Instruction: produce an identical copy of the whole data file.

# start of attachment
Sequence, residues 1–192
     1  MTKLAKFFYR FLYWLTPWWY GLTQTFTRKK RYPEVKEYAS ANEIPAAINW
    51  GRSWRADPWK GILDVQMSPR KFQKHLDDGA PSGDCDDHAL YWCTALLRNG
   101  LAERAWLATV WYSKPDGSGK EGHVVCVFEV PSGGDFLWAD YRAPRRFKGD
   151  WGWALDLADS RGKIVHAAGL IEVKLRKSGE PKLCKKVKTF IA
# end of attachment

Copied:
Sequence, residues 1–192
     1  MTKLAKFFYR FLYWLTPWWY GLTQTFTRKK RYPEVKEYAS ANEIPAAINW
    51  GRSWRADPWK GILDVQMSPR KFQKHLDDGA PSGDCDDHAL YWCTALLRNG
   101  LAERAWLATV WYSKPDGSGK EGHVVCVFEV PSGGDFLWAD YRAPRRFKGD
   151  WGWALDLADS RGKIVHAAGL IEVKLRKSGE PKLCKKVKTF IA